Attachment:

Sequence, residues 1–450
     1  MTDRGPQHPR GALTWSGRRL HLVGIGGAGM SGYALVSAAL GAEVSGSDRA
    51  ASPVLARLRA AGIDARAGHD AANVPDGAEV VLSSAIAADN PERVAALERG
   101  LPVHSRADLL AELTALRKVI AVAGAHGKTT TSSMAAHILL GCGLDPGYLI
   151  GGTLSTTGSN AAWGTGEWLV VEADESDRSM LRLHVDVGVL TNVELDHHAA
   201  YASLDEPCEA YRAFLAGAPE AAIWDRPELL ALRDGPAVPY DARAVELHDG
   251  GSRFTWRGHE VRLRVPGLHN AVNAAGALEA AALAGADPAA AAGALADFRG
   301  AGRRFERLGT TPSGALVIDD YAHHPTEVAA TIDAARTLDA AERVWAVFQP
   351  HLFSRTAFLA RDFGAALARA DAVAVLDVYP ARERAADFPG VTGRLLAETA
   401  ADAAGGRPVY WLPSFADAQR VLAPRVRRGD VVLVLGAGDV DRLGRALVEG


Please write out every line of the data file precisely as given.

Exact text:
Sequence, residues 1–450
     1  MTDRGPQHPR GALTWSGRRL HLVGIGGAGM SGYALVSAAL GAEVSGSDRA
    51  ASPVLARLRA AGIDARAGHD AANVPDGAEV VLSSAIAADN PERVAALERG
   101  LPVHSRADLL AELTALRKVI AVAGAHGKTT TSSMAAHILL GCGLDPGYLI
   151  GGTLSTTGSN AAWGTGEWLV VEADESDRSM LRLHVDVGVL TNVELDHHAA
   201  YASLDEPCEA YRAFLAGAPE AAIWDRPELL ALRDGPAVPY DARAVELHDG
   251  GSRFTWRGHE VRLRVPGLHN AVNAAGALEA AALAGADPAA AAGALADFRG
   301  AGRRFERLGT TPSGALVIDD YAHHPTEVAA TIDAARTLDA AERVWAVFQP
   351  HLFSRTAFLA RDFGAALARA DAVAVLDVYP ARERAADFPG VTGRLLAETA
   401  ADAAGGRPVY WLPSFADAQR VLAPRVRRGD VVLVLGAGDV DRLGRALVEG